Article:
Sicilian Homemade Ricotta Cheese

Sicilian Homemade Ricotta Cheese

32
Orcashottie 14

"This is a recipe for my Sicilian grandmother's creamy homemade ricotta cheese. Great as a spread on fresh bread or add as a topping to fresh Pasta."

Ingredients

55 m servings 219 cals
Serving size has been adjusted!

Original recipe yields 20 servings

Adjust

Nutrition

  • Calories:
  • 219 kcal
  • 11%
  • Fat:
  • 15.6 g
  • 24%
  • Carbs:
  • 11.8g
  • 4%
  • Protein:
  • 8.4 g
  • 17%
  • Cholesterol:
  • 54 mg
  • 18%
  • Sodium:
  • 427 mg
  • 17%

Based on a 2,000 calorie diet

On Sale

What's on sale near you.

Directions

Print
  • Prep

  • Cook

  • Ready In

  1. Line a large colander or sieve with 4 layers of cheesecloth. Set aside.
  2. Heat milk, buttermilk, heavy cream, and salt in a large, heavy, nonreactive saucepan over medium-low heat, stirring occasionally for the first 10 minutes. Continue heating, without stirring, until the temperature reaches 190 degrees F. Remove from heat and let stand for 1 hour. The mixture will be separated into white curds and clear whey.
  3. Using a slotted spoon, ladle approximately 1/4 of the curds into the cheesecloth-lined colander. Gather up the corners of the top cheesecloth and secure closed with a zip tie. Repeat with the rest of the curds, cheesecloth, and zip ties. Use the last zip tie to thread all of the cheeses together. Suspend the cheeses over a large wooden spoon over a large bowl, and let drain for 2 hours.
  4. Place the four cheeses, still in cloth, in a bowl in the refrigerator overnight. In the morning, cut zip ties, and transfer cheese to an airtight container.

Reviews

32
  1. 37 Ratings

  2.  
  3.  
  4.  
  5.  
  6.  
Most helpful

Here are some tips I found out: 1. A nonreactive saucepan refers to using any type of pot except aluminum and copper which would react with the acids in the milk; a heavy-bottomed pot is prefer...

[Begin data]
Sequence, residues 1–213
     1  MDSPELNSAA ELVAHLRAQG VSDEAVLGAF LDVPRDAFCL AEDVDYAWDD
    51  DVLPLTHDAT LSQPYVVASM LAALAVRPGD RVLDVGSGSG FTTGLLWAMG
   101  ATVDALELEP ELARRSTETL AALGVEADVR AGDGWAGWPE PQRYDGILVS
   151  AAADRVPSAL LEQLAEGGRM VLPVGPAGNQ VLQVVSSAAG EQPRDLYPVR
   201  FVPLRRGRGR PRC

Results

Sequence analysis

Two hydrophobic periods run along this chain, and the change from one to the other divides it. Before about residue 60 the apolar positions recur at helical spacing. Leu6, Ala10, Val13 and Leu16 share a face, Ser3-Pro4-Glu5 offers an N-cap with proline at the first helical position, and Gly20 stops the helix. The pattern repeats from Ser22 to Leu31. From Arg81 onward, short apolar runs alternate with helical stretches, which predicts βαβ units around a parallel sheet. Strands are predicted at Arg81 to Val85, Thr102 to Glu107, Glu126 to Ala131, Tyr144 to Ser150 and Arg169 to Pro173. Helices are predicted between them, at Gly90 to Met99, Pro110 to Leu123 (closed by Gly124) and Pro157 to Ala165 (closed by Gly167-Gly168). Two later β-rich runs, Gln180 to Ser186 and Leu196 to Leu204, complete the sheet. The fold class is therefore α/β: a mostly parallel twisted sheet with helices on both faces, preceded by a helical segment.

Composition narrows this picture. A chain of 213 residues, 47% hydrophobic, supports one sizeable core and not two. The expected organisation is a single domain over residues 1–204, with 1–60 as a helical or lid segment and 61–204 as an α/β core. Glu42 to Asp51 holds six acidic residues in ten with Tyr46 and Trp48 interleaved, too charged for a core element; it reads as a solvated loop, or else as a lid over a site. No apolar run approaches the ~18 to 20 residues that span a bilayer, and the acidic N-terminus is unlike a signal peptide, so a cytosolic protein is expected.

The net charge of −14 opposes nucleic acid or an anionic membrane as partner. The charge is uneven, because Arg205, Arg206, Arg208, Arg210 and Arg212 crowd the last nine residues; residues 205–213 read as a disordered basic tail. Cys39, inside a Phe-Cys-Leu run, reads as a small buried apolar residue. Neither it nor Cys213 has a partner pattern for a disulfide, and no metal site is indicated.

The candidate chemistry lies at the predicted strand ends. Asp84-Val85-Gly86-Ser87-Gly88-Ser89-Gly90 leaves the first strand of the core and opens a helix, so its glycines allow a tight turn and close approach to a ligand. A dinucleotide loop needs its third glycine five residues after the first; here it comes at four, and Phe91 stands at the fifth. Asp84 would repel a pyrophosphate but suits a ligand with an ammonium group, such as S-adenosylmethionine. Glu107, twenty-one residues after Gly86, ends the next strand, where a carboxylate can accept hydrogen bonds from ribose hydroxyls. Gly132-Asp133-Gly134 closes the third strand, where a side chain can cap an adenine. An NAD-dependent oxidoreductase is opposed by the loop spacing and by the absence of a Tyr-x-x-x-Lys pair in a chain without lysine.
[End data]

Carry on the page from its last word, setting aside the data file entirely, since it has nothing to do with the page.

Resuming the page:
Most helpful critical

This recipe was ok but it cost more for a gallon of milk than it is to buy ricotta cheese at the super market so I will probably not make again. Turned out ok with the fresh ricotta taste when I...

Here are some tips I found out: 1. A nonreactive saucepan refers to using any type of pot except aluminum and copper which would react with the acids in the milk; a heavy-bottomed pot is prefer...

I didn't have the cream, but made ricotta for the first time in my 70+ years. It's delicious and I'll make lasagna and use part of the ricotta tomorrow. The whey looked so nutritious and I dec...

I'd say this will yeild about 2 lbs of cheese. You can freeze your whey in cup containers, use it in pancakes/waffles, muffins and bread. Anywhere a recipe calls for water. Be creative, it's wor...

A VERY nice and creamy result. I left the heavy cream out (since others mentioned it was OK and it wasn't readily available in my fridge) and used 2% milk. Wasn't real sure what I was looking ...

I had some leftover whole milk (about 2 C), buttermilk (about 1 1/2 C) and heavy cream (about 1 C) so I impulsively made this throwing in 1 tsp kosher salt. I accidentally let the mixture rise ...

Wonderful! I am originally from Italy and find that the store bought ricotta often has a plastic container taste. I made this once and it was wonderful. Look forward to making it again.

Fantastic. I will never buy ricotta again. It is so easy and taste is very fresh. I put it on top of penne with marinara, add sugar substitute and top with fresh berries and have even added h...

I am beyond thrilled with this recipe. It is incredibly easy and delivers a light, fresh, creamy tasting cheese. I made 2 batches of cheese and my egg-less semolina pasta for ravioli. I got 12...

This recipe can be very useful to me as I make a lot of Italian dishes and Ricotta is like Ice Cream to me... I can sit and eat it from the container. I also have the question that the first re...